NFP or Russian Roulette anyone

It’s like attending a bingo session. All eyes will be down waiting for the highly anticipated employment print this morning. Will this week’s ADP report translate into a much weaker jobs number? Will the stubbornly elevated weekly claims push the unemployment rate up two ticks? Will analyst’s consensus of a headline loss of -100k jobs and no growth in the private sector provide us with a non-event as we head into the ‘labor’ weekend? Expect liquidity to be thin as many New Yorkers skip out of town averting the storm ahead of the holiday. It’s another crap-shoot. Spin the wheel, black or red?

The US$ is stronger in the O/N trading session. Currently it is higher against 11 of the 16 most actively traded currencies in a ‘subdued’ trading range in the O/N session.

Forex heatmap

We had a plethora of data to digest yesterday ahead of this mornings highly anticipated employment report. It will either be a snooze, non-event heading into this long North American weekend or the results will force traders to react like ‘elephants in a china shop’. In his communiqué yesterday, Trichet met market expectations, again announcing that emergency lending facilities would be extended into next year. Somewhat of a surprise was the EU’s policy maker’s small upward revision to next year’s views. They now expect to come inside a range of +0.5% to +2.3% (up from +0.2% to 2.2%). Could they not have made it any wider! The inflation outlook was also revised up a tad to a range of +1.2-2.2%. It’s worth noting and not surprising that they again identified risks to the downside and flagged renewed tensions in financial markets. Policy makers have no intention ‘to signal any change in rates and remains apart from experiments elsewhere with respect to providing rate guidance’.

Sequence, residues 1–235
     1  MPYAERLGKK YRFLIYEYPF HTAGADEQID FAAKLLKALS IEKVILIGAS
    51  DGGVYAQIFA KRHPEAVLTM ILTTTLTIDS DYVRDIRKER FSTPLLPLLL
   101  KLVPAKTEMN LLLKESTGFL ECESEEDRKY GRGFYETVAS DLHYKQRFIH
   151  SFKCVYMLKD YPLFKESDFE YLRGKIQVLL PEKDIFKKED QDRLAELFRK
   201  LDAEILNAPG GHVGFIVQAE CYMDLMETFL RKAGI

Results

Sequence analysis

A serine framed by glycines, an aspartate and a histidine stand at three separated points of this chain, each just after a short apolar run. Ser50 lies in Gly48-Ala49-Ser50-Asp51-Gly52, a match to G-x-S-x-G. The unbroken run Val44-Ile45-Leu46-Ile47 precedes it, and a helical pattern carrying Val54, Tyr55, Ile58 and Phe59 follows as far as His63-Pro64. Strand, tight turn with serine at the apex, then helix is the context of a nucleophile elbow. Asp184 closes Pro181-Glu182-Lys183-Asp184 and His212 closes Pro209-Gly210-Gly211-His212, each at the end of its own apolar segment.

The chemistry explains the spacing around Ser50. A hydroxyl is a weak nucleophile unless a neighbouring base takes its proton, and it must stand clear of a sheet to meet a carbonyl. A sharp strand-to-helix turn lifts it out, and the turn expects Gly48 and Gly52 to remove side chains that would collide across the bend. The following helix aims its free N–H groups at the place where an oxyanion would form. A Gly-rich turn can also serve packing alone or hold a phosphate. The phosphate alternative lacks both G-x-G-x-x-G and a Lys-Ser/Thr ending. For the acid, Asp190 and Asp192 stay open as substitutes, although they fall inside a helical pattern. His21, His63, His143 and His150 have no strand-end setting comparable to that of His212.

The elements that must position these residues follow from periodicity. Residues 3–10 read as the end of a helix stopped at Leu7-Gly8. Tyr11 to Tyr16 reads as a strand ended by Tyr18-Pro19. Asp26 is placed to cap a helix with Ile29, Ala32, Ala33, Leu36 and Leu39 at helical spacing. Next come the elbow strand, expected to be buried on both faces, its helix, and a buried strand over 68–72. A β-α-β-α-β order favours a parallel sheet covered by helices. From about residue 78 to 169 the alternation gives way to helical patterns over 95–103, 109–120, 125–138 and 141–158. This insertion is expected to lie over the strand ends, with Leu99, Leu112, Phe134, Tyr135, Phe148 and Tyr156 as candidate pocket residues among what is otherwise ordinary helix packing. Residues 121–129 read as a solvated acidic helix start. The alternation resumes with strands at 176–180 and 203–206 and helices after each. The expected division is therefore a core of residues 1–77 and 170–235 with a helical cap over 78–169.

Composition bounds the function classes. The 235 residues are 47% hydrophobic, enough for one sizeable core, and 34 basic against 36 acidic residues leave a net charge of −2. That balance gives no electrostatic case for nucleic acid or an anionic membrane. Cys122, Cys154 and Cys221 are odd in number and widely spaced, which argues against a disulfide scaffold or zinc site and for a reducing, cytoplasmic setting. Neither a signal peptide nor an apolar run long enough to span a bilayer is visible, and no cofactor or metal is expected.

The dreaded weekly claims reports potentially points to a downside risk to this morning employment print. Analysts note that initial claims (+472k vs. +475k) remains ‘stubbornly elevated and at a level inconsistent with any expectation for meaningful job growth’ and supportive of renewed private job losses. Digging deeper, continuing claims fell by -23k to +4.456m (2nd consecutive week of declines). Up to date, the average has been hovering around the +4.5m mark as claims push further into extended (+894k) and emergency (+4.1m) categories. Since bottoming at the end of the 1st Q, extended benefits have surged higher by +531.6%. Not to be out done, emergency benefits have seen a similar fate and rallied +50%. With unemployment assistance being extended until the end of Nov. has caused the massive surge in both categories.

And finally, US pending home sales unexpectedly jumped yesterday (+5.2% vs. -1%). Any other day and the market would have paid more heed, but, a day before NFP where market participants try to batten down the hatches, there was no excitement. Technically this is the first ‘bullish’ news we have had to digest in the US housing market for some time. Analysts have been quick to explain the huge monthly jump away, the growth is coming off the lowest base ever (June was all-time record low). On level terms, the July data is only ‘ever so slightly better’ and remains insufficient to counter mounting stockpiles of unsold and shadow inventories. So, it’s back to our doomsday housing scenario.